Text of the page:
• This field is for validation purposes and should be left unchanged.
  • Earth.Org Newsletters

    Get focused newsletters especially designed to be concise and easy to digest

  • This field is for validation purposes and should be left unchanged.

Could the Next Financial Crisis Involve a Carbon Bubble?

by Tristan Bove Americas Sep 20th 202112 mins
Could the Next Financial Crisis Involve a Carbon Bubble?

In 2006, housing prices in the US hit an all-time high, fuelled by speculation, exuberant spending, and high demand despite a rapidly falling supply. When some homeowners were inevitably unable to pay back their mortgages or federal loans, many homes foreclosed, leading to a dramatic decline in housing prices. This caused the so-called housing bubble to burst, partly contributing to the worst financial crisis in recent US history that was felt across the world. Financial bubbles have affected everything from the housing sector to the Internet, cryptocurrencies and comic books, and as we move towards a low-carbon future, we may soon be faced with another bubble: the carbon bubble. What is a carbon bubble, and how bad could it be?

Financial bubbles occur when the price of an asset becomes warped by implausible projections of the future. Often, shareholders may speculate that their assets will continue to be valuable, maintaining high stock prices and consumer confidence. Sometimes, however, demand and market confidence will be met with real-world situations that devalue the asset. In the case of the housing bubble, a combination of federal spending and extremely generous loan policies from banks allowed demand for houses to rise, even though the actual supply of homes was dwindling.

When faced with a bubble, shareholders can either play it safe and shift investments away from the straggling asset, or they can double down and speculate that it will maintain or increase its value. More often than not, this eventually leads to a bubble bursting, and in the worst-case scenarios, a financial crisis and market crash.

In the US, the housing market crash is regarded to be one of the main causes behind the 2008 financial crisis that afflicted the entire world. In addition to the stock market crash and a global recession, the housing crisis in the US caused 8.7 million jobs to be lost, almost 500 banks to fail and over 8 million homes to be foreclosed.

The impacts of financial bubbles are always temporary, and markets tend to reset after a period of stagnation or recession. The severity of bursts are more volatile, depending on the sectors involved, how many people are affected by the crisis and whether or not the consequences cascade globally. But regardless of how long a bubble burst-induced recession lasts, people suffer because of it.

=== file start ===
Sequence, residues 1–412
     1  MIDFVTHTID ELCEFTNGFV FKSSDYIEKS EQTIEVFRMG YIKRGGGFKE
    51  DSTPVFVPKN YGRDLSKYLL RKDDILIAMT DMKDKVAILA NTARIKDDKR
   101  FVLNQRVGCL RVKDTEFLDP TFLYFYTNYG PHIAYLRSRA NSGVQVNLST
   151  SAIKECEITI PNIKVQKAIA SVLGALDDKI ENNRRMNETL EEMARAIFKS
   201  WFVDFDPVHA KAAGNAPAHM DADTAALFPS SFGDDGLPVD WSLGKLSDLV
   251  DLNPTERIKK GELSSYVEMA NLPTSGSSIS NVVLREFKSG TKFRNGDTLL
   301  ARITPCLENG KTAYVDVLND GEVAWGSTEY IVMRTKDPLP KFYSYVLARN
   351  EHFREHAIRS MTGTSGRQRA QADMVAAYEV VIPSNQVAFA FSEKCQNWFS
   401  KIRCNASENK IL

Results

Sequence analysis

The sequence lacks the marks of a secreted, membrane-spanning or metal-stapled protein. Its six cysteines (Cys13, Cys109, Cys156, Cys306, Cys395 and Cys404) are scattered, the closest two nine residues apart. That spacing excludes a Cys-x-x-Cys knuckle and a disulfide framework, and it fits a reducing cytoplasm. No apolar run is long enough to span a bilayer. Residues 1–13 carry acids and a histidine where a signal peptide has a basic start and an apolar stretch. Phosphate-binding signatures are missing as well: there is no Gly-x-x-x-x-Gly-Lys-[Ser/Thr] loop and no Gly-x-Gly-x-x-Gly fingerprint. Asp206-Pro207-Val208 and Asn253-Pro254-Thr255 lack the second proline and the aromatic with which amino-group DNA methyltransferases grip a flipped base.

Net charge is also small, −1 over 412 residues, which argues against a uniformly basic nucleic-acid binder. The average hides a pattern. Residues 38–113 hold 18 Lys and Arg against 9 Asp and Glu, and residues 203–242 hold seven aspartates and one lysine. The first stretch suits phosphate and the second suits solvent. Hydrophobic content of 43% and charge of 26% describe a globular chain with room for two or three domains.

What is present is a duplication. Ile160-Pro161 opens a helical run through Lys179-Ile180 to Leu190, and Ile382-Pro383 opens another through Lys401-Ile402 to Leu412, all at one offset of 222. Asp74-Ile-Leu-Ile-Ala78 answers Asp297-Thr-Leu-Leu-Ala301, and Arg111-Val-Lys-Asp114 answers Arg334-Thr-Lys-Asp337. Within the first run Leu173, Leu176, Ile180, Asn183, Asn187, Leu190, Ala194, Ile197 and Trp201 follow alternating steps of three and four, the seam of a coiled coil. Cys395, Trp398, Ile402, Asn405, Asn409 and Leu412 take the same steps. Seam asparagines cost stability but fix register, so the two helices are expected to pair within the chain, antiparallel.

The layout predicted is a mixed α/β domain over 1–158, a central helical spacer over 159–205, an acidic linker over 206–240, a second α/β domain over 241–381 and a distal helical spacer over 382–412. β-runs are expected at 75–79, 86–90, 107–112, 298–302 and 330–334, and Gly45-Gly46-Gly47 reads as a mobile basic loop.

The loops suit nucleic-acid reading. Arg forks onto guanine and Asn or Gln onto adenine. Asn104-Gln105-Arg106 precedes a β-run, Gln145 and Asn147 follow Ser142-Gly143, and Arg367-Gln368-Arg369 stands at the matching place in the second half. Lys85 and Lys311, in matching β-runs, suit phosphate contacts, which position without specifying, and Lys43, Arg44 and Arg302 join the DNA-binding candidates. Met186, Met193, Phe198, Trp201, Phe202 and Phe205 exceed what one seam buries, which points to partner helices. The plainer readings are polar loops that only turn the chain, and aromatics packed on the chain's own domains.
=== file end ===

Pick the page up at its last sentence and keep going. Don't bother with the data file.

The 2008 financial crisis was bad, but the next bubble might be even worse. Investors often speculate on the continued growth of assets that have historically done well for them, not always acknowledging the pace of technological change and inevitable shifts occurring in markets. As economies and governments progressively, albeit painstakingly slowly, cut their ties to fossil fuels and transition to low-carbon technologies, could we be faced with a new financial crisis, this time involving a carbon bubble? 

Are We Done With Carbon?

Much like when fossil fuel-powered cars first displaced the horse economy a century ago, the world is on the verge of a similar disruption, this time involving low-carbon technologies ranging from solar panels and wind turbines to electric vehicles and batteries with immense storage capacity. These technologies can and already are displacing the smokestacks, internal combustion engines and pipelines that have defined our modern era, and not a moment too soon.

Simply put, we desperately need these technologies. Burning fossil fuels is releasing more and more carbon into our atmosphere, warming our planet to degrees not seen in millennia. This is already causing severe weather impacts, agricultural failure and biodiversity loss across the globe, and making several parts of the world starkly uninhabitable. 

Some impacts of climate change may well already be locked in, but the more carbon we avoid putting into the atmosphere now, the more liveable our future will be. 1.5°C of warming is bad, but it is much better than 2°C. And as bad as 2°C would be, 3°C would be unimaginably worse. Every particle of greenhouse gas we avoid putting into the atmosphere counts, because every fraction of a degree’s worth of temperature rise counts.